Little bit about my situation-

Bought a car with cash about 5 years ago, at the time it was a year old. That car is now a total loss and I’m receiving about 5k for it from my insurance. I’m now in need of a car and thinking about putting the money back as a down payment and financing a new car. The only issue is my credit score is at 590 (coming out of college). I don’t want to put the money back into an old used car that will cost me money in repairs.

Should I pay off all of my credit cards with the money back from my insurance (it would cover all of my credit card debt) and save for a down payment for a few months (while borrowing a friend’s car in the meantime). This would boost my credit score and possibly put me at a better chance of getting a lower interest rate


Should I use the money for a down payment and finance a 1-2 yr old car? My only worry with this option is having higher interest rates due to my current credit score

  • 36
    You can buy many perfectly good cars for under $5K. The "cost me money in repairs" is really not something to worry about. Of course things can happen (as you apparently found out), but overall the money saved on higher purchase price & interest will almost certainly be more than the likely cost of repairs.
    – jamesqf
    Commented Jul 8, 2019 at 16:32
  • 8
    you can't have your cake and eat it too. Take care of your debt, and that might mean settling for a less flashy car.
    – njzk2
    Commented Jul 9, 2019 at 3:05
  • 3
    @user87816: So you'd rather mooch off your friend? I wonder how long this friend is going to remain a friend. Of course you could buy the cheap car, drive it until your credit cards are paid off &c, then use it as a trade-in on the more expensive one.
    – jamesqf
    Commented Jul 9, 2019 at 5:11
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    Having being severely in CC debt myself about 10 years ago, to the point I was barely able to afford paying the interest (repaying capital, lol, in my dreams!), I don't even consider it a choice. You get rid of the CC debt and save up. That's the only sensible option. You're in a position to wipe your debt; DO IT!
    – Gabriel
    Commented Jul 9, 2019 at 13:40
  • 9
    "I don't want" is often not a good advice, financially spoken.
    – glglgl
    Commented Jul 9, 2019 at 14:55

8 Answers 8


CC debt is My Hair Is On Fire!! debt, because the interest rate is so high.

So... yes, you should pay that off first (unless you like subsidizing my 1.5% Cash Back Rewards and "Fat Cat Bankers" while slowly impoverishing yourself).

  • 6
    I speak from personal experience when I say that when you're in deep debt, none of your options are good.
    – RonJohn
    Commented Jul 8, 2019 at 16:45
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    If you haven't already done so, go through your budget with a fine toothed comb. Leave a small amount for enjoyment, but for a while you'll have to live lean. Unless, of course, you want to light your hair on fire again...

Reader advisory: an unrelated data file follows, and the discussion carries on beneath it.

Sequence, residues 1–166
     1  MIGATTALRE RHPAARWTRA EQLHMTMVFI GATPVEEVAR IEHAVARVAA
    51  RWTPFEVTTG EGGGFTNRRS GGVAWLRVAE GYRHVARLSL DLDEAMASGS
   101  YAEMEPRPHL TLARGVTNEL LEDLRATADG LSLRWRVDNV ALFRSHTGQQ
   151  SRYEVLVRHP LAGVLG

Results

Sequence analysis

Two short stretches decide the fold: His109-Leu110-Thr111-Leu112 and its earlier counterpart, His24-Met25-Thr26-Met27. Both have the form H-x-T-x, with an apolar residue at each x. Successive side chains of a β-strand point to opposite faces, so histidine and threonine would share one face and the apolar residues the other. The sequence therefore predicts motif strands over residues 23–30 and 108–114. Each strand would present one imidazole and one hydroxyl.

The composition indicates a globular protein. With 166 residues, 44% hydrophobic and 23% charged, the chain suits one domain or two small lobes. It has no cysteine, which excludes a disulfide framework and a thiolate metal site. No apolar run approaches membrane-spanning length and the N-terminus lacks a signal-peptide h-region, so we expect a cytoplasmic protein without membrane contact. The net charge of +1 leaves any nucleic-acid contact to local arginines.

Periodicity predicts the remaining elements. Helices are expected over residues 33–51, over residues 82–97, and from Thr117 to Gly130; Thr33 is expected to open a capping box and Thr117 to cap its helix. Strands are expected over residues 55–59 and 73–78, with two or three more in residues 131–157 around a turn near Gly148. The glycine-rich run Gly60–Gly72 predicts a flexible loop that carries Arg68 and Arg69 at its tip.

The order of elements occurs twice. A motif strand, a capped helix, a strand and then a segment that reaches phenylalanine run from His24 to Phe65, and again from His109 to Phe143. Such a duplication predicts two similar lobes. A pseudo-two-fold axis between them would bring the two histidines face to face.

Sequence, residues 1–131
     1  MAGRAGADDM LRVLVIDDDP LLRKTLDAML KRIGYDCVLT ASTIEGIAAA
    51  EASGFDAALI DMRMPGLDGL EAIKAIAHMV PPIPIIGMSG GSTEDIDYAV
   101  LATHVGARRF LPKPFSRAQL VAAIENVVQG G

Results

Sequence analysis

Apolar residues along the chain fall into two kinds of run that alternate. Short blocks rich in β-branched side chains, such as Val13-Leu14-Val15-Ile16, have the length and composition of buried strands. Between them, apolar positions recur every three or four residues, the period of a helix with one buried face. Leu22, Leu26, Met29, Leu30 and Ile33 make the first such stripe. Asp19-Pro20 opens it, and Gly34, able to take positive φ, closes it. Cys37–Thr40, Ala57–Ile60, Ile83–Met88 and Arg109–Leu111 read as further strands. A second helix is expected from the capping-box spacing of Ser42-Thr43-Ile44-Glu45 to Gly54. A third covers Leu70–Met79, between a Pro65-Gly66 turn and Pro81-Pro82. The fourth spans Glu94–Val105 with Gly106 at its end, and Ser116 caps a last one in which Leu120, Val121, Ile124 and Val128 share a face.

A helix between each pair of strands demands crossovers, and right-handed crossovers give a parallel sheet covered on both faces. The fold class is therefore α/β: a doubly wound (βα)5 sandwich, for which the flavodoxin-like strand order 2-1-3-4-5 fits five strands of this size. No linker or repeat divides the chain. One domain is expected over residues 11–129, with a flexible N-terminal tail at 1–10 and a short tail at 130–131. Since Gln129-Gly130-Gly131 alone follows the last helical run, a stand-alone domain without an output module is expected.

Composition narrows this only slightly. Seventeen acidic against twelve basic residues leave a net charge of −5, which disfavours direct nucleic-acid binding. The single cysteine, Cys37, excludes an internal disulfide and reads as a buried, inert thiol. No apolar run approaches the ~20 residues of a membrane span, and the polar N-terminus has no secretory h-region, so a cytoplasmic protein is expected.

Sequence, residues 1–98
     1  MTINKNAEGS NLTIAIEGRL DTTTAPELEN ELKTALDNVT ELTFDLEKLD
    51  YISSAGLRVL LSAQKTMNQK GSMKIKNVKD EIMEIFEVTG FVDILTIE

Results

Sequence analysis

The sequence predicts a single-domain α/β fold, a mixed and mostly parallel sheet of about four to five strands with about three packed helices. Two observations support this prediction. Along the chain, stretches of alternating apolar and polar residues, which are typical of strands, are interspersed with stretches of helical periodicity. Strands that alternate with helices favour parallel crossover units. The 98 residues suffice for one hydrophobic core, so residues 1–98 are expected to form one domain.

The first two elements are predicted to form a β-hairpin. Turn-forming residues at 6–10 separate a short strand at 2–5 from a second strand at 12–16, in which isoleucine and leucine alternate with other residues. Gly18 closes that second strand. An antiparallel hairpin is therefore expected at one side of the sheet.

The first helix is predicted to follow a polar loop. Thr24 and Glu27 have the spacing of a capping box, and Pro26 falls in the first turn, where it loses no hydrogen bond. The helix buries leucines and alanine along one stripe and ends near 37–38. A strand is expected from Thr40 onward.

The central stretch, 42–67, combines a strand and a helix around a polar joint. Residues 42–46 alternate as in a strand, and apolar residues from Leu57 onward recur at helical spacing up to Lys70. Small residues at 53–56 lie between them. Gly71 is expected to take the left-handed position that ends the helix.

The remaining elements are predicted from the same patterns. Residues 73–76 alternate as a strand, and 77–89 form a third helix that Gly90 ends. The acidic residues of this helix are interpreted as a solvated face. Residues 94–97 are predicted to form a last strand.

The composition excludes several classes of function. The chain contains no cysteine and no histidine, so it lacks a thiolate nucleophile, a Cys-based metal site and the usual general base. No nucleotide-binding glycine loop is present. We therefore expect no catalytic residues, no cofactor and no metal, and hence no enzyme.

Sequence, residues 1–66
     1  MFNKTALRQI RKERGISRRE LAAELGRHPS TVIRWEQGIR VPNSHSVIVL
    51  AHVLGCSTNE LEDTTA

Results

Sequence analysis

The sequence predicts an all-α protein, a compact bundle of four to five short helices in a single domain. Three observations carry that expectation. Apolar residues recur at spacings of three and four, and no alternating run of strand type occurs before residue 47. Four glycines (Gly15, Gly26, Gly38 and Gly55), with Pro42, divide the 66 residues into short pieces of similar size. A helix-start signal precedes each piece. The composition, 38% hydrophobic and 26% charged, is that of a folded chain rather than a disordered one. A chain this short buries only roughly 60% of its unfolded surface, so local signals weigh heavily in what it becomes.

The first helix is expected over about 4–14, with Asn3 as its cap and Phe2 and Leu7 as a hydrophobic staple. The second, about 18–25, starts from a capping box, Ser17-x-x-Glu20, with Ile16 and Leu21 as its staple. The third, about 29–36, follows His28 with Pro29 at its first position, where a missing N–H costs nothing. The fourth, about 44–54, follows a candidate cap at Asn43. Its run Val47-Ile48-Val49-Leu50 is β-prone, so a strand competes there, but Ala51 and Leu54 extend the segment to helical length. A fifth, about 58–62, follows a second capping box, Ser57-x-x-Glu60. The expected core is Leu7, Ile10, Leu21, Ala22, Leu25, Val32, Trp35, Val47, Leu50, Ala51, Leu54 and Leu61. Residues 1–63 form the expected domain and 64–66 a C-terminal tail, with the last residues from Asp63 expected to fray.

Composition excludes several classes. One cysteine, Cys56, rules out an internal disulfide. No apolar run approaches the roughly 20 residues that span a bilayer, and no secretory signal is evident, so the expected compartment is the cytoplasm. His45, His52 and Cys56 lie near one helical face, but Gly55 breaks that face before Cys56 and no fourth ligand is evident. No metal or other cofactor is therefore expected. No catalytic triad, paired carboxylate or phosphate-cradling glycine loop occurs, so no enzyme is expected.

– RonJohn
    Commented Jul 8, 2019 at 16:47
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    @stannius the APR on that card is a least 18%. I wouldn't be surprised if it's 23% or higher. To me, that qualifies as hair on fire.
    – RonJohn
    Commented Jul 9, 2019 at 5:00
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    @computercarguy: But there's no reason for the OP to go into car debt. He has about $5K from the insurance payout, and my local Craigslist has ~75 pages of just Hondas and Toyotas for under $2K. These would serve perfectly well to get him to work and back until he pays off his CC debt.
    – jamesqf
    Commented Jul 9, 2019 at 17:54
  • 5
    The OP also states that they could use public transportation. That's almost certainly the answer-- pay off the CC debt, don't worry about buying a car for now, take public transportation, and save up for the car down the line. I saved an enormous amount of money using buses and trains for ~10 years after college, and only bought a car when public transit wasn't a realistic option for a new job.
    – Upper_Case
    Commented Jul 9, 2019 at 19:44

You're asking several related questions - about credit scores, how to use cash, and how to buy a vehicle.

If we break them all down and start with what to do with your $5k in cash - it makes sense to use that to pay down credit card debt, since it's likely costing you an arm and a leg in interest right now. Even if you decide you need a vehicle badly, and can afford monthly payments on a vehicle loan, paying down the credit card debt and then immediately borrowing money will mean you're paying a low-interest auto loan rate instead of a high interest on the credit card.